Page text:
Thoughts of a former convention member on European renewal

21 February 2007
How are we going to find a solution to the stalemate consequent to the failure to ratify the constitutional treaty? It is not really realistic to try at all costs to gain the approval of the text as it stands on the part of the two countries which voted "no" and the seven countries which have interrupted the ratification procedure. Seeking an agreement on a shortened text is not a convincing solution either: the constitutional treaty is a whole and each of its parties – contrary to a persistent myth – contains provisions of major importance. Should we try to make the best of the situation and try to move forwards keeping the treaty as it is? Attempts to do this for the last year do not appear to have been conclusive. But Europe cannot satisfy itself with failure: the dynamism launched half a century ago would thereby be affected.

To be credible a solution must take into account the fact that two thirds of the Member States have approved the constitutional treaty; but the concerns that were expressed during the referenda in France and the Netherlands cannot be ignored either. Hence we must find a solution which will both enable the rescue of the content of the constitutional treaty and yet show worried or reticent citizens that their message has been received.

In the face of stalemate Jean Monnet advised a shift and refocus in the debate. We must now adopt a new approach which "says" more to the citizens. The Union is not France of the IVth Republic whose institutions were so discredited that everyone acknowledged the priority laid in changing them. Institutional reforms are certainly necessary but it is joint projects which are of interest to European citizens and which can bring them together.

Institutional questions must therefore be closely linked to the definition of precise objectives to pursue. On some points a community of objectives still has to be created amongst Europeans: what is the future of the enlargement procedure to be? To what degree should economic, social and territorial cohesion be pursued for the Union? How should the relation between European identity and national identity be considered? For subjects such as these previous discussion is necessary.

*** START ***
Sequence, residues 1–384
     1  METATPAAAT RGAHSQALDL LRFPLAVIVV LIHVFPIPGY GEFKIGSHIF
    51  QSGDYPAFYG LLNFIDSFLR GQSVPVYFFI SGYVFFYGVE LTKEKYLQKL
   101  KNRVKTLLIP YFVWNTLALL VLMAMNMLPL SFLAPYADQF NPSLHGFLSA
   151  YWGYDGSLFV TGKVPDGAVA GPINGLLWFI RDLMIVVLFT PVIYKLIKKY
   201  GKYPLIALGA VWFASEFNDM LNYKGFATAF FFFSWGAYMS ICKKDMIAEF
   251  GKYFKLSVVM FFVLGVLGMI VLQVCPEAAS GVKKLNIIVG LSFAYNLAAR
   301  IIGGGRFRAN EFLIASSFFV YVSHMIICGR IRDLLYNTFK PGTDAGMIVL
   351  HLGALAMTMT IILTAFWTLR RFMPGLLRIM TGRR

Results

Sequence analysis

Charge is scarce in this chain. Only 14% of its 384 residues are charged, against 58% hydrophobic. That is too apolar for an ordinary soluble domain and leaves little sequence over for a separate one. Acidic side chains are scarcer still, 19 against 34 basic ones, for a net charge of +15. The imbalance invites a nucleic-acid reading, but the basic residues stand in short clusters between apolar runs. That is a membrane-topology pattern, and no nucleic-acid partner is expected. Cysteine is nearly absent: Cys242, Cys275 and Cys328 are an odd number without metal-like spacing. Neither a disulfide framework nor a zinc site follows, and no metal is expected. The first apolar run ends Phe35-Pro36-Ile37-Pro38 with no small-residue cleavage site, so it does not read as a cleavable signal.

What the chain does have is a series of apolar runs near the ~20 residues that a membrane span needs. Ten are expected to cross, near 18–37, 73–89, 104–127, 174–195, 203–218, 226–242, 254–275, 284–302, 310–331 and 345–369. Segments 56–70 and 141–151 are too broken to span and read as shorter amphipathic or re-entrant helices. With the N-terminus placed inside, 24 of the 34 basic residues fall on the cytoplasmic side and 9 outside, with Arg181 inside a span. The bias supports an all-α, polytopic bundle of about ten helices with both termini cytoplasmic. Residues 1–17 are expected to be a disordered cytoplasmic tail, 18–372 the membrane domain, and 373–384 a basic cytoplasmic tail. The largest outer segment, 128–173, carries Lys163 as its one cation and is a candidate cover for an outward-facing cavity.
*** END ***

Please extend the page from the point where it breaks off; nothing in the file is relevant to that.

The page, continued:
However there is already a wide consensus with regard to certain objectives which correspond with obvious expectations on the part of the citizens: the improvement of economic and social governance, the more effective fight against cross border crime, the enhancement of the Union's external activities, the clarification of responsibilities between the Union and the Member States.

However and this is the vital point, the constitutional treaty contains many measures which will make it possible to better achieve these objectives. These measures might be taken up in an intermediary treaty in a new form where they appear clearly as the necessary means to achieve the goals that meet with a consensus. Most of the progress put forward in the constitutional treaty might be preserved in this manner and possibly adapted or completed when, given the debates on ratification, it appears necessary to go further in order to meet citizens' expectations more satisfactorily.

An intermediary treaty like this might enable the rapid relaunch of European construction along the lines of a small number of consensual goals.

The second stage would entail – after an in-depth public debate on the goals of European

construction, which might be undertaken within a new Convention – the adoption of a fundamental treaty in which the parts of the constitutional treaty that had been so far set aside could be examined again within a wider frame.

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